There were 57 books in the room.
45 were stacked neatly on the shelves, separated by color and size. 9 were piled together on the coffee table near the front. 5 were lying haphazardly on the desk and a single book was lying on the couch opened to a random page that had probably been read several times.
Mark sighed and moved on to counting the number of tiles on the floor. All the while he could feel the man sitting in the chair opposite him, follow his every move. When intimidating him hadn't worked, he had taken up staring at him instead, hoping he would get tired and start talking. But Mark was just as stubborn as his Principal. He had looked him in the eye, silently accepting the challenge, and it had been one hell of a match. Now, both continued to sit motionless in their own seats, waiting. Fortunately in that moment the door opened and his mother walked in.
She was in her work clothes, and from her labored breathing, Mark could tell that she had walked all the way from work. Ever since they had started this 'new life' together, she had insisted on saving every penny they came across, and he had given up trying to change her mind about taking up the bus once in a while.
Now she stood in the Principal's office in her work uniform, beads of sweat rolling down the side of her face, and suddenly Mark felt a little guilty. But he quickly pushed that aside, deciding that she would have her chance to shout at him at home, or if they could call it that.
Mr. Ruffman got up from his chair and shook her hand. Mark could feel his mother looking at him, but the picture on the opposite wall suddenly seemed more arresting to him than it had a few minutes ago. He listened to them talk and rolled his eyes as Mr. Ruffman narrated the story to his mother. For that was what it was to him, a story.
"I hope you can understand the seriousness of the situation. I know that Mark is a brilliant student but he cannot just punch a student in the face, start a fight in the hallway and expect to get away with it. He should be lucky that the other boy's parents did not take any action against him. Otherwise it would have been a lot more serious than just detention for a month."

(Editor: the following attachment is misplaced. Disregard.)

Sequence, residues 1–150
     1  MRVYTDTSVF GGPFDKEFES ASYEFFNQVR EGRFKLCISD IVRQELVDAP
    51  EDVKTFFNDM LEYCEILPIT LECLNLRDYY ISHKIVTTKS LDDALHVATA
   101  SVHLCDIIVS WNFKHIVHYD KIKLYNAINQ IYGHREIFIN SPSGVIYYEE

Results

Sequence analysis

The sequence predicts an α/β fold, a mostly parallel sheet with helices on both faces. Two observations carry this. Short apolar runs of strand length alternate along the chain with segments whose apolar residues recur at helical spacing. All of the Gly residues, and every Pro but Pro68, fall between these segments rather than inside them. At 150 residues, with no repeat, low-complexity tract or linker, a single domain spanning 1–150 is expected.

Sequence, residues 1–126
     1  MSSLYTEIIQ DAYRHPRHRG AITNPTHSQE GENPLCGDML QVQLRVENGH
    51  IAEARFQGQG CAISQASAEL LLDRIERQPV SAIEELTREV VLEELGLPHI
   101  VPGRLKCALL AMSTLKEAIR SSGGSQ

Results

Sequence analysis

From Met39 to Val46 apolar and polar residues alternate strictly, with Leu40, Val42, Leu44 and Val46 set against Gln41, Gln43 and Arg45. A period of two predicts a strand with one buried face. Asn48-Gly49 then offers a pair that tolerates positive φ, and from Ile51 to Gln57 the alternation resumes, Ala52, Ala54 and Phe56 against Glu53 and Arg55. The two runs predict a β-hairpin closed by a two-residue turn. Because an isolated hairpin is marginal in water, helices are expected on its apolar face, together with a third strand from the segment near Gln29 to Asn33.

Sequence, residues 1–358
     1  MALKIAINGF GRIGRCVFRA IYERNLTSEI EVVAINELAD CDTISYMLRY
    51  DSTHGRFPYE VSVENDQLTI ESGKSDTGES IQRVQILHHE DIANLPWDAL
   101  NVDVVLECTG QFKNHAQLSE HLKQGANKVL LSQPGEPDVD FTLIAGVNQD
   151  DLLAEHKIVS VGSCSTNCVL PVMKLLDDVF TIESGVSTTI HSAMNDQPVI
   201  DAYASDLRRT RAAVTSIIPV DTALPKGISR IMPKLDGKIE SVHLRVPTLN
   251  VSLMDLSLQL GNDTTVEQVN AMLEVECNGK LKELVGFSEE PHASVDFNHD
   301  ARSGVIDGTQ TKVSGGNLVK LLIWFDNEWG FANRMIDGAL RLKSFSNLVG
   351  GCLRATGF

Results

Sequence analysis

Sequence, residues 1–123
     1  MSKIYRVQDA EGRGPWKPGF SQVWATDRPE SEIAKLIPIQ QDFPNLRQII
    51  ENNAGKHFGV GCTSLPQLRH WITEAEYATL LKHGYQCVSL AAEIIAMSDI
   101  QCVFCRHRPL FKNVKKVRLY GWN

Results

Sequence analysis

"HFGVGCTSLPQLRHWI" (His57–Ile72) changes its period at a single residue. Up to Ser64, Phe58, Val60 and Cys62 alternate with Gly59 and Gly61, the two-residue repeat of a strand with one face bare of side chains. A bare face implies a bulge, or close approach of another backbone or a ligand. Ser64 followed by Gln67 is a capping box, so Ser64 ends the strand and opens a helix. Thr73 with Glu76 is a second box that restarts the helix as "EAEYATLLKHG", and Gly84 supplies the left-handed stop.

His mother looked at him and he looked away, trying to tune out the rest of the conversation. He didn't want her to apologize on his behalf, she hadn't done anything. And neither had he.
He released a breath as it was finally time for them to leave. He waited outside while they finished up in there, mentally preparing himself for the lecture he was about to receive. As his mother joined him outside the office, he decided he had nothing.
"It wasn't my fault," he said.
She looked at him and said, "I know."
He stood there motionless, while she continued down the hallway.
"Wait-what?" he asked catching up to her. She raised an eye brow.
"That's it?" he asked.
"You said it wasn't your fault, and I believe you. As simple as that." she said, but then added after a moment, "Why? Do I have a reason not to?"
He shook his head dumbly. It all went beyond him. Maybe she was really tired in her new job. Yes, that had to be it.
They exited the school building, and he watched while she checked her little diary where she had her entire routine written down.
"Well, I took the day off, thanks to you." The sun reflected on her hair, adding a reddish hue to her chocolate locks. "I feel like having an ice-cream all of a sudden! Do you want an ice-cream?"
He was about to suggest that she should stop kidding him and lay down his sentence right then and there, but the look in her eyes made him realize. She was serious. So he nodded dumbly again.
She smiled and headed off to the bus stand. This time he asked, "Mom! What are you doing?"
She looked at him confused. "Getting on the bus. You do want that ice-cream, don't you?"
"Yeah," he sad, "But there's an ice cream parlor right at the end of this block."